In that case it was just levelled off. Dockers in Port Talbot (I think) got a shock when the hold was opened.
Donald

Andy-D
30th July 2006, 03:35
i remember the knot, there was a picture in Denholm News and a comment such that there was no surprise whish ship it had happened to.I was on Seateam obo's and dreaded being told to join Muirfield

Andy-D
30th July 2006, 03:38
Graham Macqueen was training officer on wellpark in 78, left sea a few years after to run family furniture removers, i believe

stanley milne
12th February 2007, 21:15
have some old cine film showing the locals "transhipping" from no.2 to no.9.
Happy days !!

Graham M
20th February 2007, 21:43
have some old cine film showing the locals "transhipping" from no.2 to no.9.
Happy days !!

I can say Iwas there when the transhipping took place!

terval
20th May 2007, 11:27
Reference the knot in the anchor chain wasn't that in the Bristol channel when Malcom John was master on one of the ore carriers?

terval
20th May 2007, 11:27
(Jester) Reference the knot in the anchor chain wasn't that in the Bristol channel when Malcom John was master on one of the ore carriers?

Peter Cheseldine
5th September 2008, 10:30
That is interesting cause I recall some cracks showing on the main deck from the corner of a couple of the forward holds being repaired. Still it is sad to see her demise....... Wilhelmsens (sp?) must have built a cheapie :)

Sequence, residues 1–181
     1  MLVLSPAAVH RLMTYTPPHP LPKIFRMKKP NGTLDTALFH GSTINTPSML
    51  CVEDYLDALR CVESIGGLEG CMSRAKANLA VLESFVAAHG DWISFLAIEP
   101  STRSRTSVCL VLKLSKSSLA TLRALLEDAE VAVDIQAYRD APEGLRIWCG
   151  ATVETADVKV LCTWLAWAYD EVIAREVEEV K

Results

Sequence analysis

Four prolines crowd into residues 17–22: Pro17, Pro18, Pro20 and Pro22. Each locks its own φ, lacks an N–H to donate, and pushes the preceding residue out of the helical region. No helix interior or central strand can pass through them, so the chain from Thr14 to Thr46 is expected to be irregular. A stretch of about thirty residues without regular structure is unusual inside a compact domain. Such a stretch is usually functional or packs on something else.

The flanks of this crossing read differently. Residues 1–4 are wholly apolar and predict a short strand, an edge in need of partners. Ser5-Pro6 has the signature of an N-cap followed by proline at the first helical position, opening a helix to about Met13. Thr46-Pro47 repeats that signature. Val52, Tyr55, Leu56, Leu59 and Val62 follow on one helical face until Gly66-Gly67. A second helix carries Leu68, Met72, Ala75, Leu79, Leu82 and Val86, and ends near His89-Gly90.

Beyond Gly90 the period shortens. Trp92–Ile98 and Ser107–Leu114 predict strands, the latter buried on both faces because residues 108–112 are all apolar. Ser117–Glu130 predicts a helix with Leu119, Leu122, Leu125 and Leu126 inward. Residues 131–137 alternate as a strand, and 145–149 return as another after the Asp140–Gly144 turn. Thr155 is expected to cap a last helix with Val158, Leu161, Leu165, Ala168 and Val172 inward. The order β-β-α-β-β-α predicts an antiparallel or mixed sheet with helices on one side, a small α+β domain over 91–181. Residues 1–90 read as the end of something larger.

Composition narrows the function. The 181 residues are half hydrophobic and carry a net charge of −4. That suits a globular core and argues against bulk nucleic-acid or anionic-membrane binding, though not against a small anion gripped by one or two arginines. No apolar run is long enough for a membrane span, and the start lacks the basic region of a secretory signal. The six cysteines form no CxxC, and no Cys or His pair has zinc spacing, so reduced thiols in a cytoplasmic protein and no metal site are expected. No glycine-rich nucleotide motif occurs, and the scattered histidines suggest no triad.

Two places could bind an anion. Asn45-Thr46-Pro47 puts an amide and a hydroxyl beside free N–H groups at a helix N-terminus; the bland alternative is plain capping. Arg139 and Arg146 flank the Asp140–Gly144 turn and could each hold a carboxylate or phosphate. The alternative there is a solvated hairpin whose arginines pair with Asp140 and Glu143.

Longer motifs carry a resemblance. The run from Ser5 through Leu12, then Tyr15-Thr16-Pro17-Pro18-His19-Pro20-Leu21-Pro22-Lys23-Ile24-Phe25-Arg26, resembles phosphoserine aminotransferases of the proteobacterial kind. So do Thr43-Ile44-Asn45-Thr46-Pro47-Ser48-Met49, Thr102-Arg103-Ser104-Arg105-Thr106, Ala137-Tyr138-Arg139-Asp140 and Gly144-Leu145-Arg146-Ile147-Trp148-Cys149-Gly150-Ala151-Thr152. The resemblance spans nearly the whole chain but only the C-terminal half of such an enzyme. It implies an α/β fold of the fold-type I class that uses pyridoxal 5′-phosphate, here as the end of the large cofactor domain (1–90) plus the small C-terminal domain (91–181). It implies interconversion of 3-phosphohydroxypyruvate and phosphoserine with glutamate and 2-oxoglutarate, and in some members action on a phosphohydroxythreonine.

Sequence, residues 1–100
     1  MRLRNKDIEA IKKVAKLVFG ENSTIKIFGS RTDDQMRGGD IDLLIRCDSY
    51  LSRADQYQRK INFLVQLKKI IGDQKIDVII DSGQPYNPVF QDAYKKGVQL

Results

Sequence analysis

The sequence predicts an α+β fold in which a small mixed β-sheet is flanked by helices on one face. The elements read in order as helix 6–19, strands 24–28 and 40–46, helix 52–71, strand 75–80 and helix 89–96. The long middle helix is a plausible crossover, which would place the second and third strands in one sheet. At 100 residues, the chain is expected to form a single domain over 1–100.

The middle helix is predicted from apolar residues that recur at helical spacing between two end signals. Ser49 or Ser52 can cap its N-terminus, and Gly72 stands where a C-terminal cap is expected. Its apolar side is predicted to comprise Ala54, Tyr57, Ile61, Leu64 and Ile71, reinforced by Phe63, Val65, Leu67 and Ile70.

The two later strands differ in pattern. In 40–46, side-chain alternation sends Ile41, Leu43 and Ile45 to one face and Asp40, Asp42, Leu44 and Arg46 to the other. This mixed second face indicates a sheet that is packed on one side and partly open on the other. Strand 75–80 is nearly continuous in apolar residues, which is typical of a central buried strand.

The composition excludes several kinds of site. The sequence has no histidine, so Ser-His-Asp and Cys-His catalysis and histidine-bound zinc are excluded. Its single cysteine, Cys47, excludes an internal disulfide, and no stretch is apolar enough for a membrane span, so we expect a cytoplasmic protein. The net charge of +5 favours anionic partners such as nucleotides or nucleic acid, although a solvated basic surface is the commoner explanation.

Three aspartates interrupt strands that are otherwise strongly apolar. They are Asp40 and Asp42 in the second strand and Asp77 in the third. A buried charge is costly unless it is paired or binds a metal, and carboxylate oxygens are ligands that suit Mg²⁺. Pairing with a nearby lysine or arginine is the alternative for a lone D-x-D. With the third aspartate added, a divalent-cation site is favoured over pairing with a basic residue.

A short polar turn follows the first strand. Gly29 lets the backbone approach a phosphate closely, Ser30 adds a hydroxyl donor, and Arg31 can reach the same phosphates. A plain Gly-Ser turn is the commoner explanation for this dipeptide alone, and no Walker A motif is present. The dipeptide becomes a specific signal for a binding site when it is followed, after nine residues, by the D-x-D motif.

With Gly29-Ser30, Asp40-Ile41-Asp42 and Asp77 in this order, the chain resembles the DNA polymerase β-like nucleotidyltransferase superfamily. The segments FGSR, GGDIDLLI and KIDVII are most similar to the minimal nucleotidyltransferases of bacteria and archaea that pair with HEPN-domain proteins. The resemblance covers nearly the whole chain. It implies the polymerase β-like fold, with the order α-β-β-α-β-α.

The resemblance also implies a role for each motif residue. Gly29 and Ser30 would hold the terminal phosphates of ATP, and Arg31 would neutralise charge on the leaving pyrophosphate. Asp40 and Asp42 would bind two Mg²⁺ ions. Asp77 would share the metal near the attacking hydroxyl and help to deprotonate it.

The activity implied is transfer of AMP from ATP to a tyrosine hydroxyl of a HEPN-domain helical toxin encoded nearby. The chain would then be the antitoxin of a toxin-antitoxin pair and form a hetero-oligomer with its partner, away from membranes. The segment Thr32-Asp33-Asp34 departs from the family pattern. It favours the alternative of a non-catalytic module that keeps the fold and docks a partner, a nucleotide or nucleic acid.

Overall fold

Had the "PLEASURE???" of sailing as Chief Eng.on the Atlantic Splendour for 2 years with C.Y Tung and latterly Furness Withy (taken over by C.Y.Tung).Endless problems main engine-wise and the generators regularly threw con-rods out of their crankcases.Froze up in Seven Islands,towed to Halifax. Following voyage tried to destroy the gas terminal in Middlesborough (pilot error).She finally managed to steal two of my fingers under a cylinder head in the middle of the Indian ocean.

70's Boy
19th March 2009, 15:28
Hi,

I posted a photo of Nordic Texas in the Gallery at Port Arthur a while back.

Cheers

George

JimC
19th March 2009, 18:56
I remember the story, always thought it was one of those tall ones at the time :). Sailed on her from March to July 71. She carried the first female apprentice just before I joined. She was treated the same as all apprentices was the company line, but according to pumps she wasn't allowed to spin ballast valves on her own!!! W. McCrea was the old man, scrawny bugger, worked his way up from the deck if I recall. Other apprentice was ???Graeme Queen or McQueen from Oban.
Am trying to remember some of the others. We had two supernumeries work their passage to Aussie, Sean Isles and Dominic ?????, someone was related or had family to do with Clarksons (something like that).
The 3/O may have been Bryce Brown ???? and 4/E Jimmy Fielding from Greenock, we (plus other app??) paid off together in Port Talbot and drove home up the motorway. A Triumph 2.5TC - doing over 100 mph with all our gear too, lost chunks of rubber off the tyres!!!! not once but twice!!! AA/rental company not too happy!!!
Also spent time in drydock on that trip in a place called Innoshima, Japan.
Anyways....... its all a bit vague these days..............

Hello there!

Actually Willie Mcrae was an AB in the RN before he joined Denholms. He was badly burned in a terrorist attack when he was serving in Palestine some time after WW2. he always was a scrawny lad. If I remember, he had a circular burn scar on one side of his face.
I sailed with him when he was 3rd.Mate on the ore carrier Ormsary. He was invalided ashore from her in the Canary Island in 1953.

As for the Naess Sovereign - I stood by her at Mitsubishi's yard at Nagasaki, did the sea trials and then served on her as 2nd Mate for almost a year thereafter. Never got ashore at all!.